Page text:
• Adenoiditis: Inflammation of the adenoids

  • Atelectasis: Incomplete expansion of the lungs

  • Bronchiectasis: Dilatation of the bronchi

  • Bronchitis: Inflammation of the bronchi

  • Laryngitis: Inflammation of the larynx

  • Laryngotracheobronchitis: Croup

  • Pneumothorax: Air between the lung and chest wall

  • Pulmonary neoplasm: A new growth in the lung, which can be malignant or benign depending on the composition

  • Rhinitis: Inflammation of mucous membranes of nose

  • Tonsillitis: Inflammation of the tonsils

  • Tracheitis: Inflammation of the trachea

Respiratory diseases and pathology

One of the most frightening respiratory diseases is tuberculosis, also known as TB. Because of its communicable nature, this infectious disease, which is caused by acid-fast bacilli spread by inhalation of infected droplets, always causes a commotion when reported to health officials.

So much so, in fact, that before antibiotics, hospitals built solely for the treatment of TB were quite common. TB is a bit more under control today and is treated with a specific antibiotic regime, usually over a long-term (6-month) period.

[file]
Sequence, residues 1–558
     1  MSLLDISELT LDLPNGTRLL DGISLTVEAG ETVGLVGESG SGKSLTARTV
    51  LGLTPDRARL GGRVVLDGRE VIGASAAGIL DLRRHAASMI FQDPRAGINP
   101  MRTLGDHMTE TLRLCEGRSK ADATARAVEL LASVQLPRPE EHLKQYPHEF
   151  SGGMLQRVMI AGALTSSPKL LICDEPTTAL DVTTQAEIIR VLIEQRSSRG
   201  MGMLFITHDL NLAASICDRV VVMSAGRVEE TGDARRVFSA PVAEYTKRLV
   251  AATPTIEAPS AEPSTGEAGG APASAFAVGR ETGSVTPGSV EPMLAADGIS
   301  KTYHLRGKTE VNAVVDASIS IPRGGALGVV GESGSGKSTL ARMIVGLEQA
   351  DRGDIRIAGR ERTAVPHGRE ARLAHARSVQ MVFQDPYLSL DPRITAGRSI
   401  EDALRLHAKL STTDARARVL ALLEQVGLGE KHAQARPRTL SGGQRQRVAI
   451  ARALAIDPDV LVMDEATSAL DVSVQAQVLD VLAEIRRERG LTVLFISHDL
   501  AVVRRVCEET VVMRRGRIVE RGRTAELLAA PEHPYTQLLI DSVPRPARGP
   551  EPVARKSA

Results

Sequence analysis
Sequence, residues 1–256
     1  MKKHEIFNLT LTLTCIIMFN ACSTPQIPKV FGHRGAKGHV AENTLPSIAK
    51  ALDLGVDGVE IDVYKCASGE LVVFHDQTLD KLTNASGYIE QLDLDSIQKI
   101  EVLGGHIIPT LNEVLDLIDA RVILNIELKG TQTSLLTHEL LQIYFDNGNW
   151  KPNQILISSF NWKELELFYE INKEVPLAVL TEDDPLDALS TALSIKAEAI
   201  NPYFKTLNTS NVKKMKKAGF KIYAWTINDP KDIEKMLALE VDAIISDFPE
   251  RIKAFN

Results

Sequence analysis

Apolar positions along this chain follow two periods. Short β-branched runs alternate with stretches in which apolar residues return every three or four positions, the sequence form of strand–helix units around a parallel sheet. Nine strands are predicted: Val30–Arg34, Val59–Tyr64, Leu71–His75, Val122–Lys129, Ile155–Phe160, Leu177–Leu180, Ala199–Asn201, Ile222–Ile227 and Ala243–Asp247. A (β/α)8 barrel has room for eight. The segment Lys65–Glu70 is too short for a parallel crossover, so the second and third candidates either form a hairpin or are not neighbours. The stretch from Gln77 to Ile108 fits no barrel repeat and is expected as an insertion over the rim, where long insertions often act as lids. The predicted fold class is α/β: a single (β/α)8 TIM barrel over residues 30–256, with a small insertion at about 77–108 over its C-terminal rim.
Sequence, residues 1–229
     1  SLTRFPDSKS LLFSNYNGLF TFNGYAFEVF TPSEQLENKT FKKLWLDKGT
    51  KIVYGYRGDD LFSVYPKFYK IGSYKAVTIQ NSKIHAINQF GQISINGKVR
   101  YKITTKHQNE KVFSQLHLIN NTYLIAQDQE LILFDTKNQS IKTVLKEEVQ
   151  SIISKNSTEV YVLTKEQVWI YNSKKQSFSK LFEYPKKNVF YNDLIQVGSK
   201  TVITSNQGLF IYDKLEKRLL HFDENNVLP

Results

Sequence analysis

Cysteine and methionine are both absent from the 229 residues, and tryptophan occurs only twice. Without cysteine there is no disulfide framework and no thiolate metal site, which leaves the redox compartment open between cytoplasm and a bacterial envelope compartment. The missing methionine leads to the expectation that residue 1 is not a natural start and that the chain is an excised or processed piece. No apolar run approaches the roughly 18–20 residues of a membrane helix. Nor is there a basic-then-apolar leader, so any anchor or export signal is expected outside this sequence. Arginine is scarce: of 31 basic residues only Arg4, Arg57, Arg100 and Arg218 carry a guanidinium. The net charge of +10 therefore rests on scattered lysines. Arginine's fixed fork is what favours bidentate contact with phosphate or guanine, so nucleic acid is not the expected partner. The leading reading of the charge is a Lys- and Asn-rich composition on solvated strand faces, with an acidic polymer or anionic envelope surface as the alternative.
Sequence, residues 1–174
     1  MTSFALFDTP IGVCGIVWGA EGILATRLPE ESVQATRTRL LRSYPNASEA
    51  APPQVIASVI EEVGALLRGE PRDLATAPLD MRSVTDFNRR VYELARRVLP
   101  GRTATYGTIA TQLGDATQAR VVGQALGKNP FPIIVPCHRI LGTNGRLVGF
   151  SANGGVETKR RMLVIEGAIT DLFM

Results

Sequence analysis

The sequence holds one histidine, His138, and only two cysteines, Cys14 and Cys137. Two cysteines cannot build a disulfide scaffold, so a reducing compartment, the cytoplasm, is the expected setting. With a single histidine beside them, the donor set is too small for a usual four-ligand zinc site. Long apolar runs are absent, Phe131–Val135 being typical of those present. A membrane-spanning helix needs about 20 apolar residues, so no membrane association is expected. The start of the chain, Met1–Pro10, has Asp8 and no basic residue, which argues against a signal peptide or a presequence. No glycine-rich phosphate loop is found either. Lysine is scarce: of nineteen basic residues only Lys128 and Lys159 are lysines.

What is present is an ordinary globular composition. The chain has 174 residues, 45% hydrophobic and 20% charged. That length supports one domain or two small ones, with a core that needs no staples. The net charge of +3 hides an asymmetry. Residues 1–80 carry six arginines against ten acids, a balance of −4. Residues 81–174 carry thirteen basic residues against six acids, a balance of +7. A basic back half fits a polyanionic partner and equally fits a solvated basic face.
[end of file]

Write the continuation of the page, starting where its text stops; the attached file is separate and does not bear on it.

Diphtheria is another infectious disease of the upper respiratory tract, affecting the throat. Influenza, that pesky flu, is a highly infectious respiratory disease that is viral in origin. Though for most people nowadays it involves some time off work and chicken soup, the flu can be deadly if not treated, or in high-risk groups like small children and the elderly. Legionnaires’ disease is a form of lobar pneumonia caused by the bacterium Legionella pneumophilia.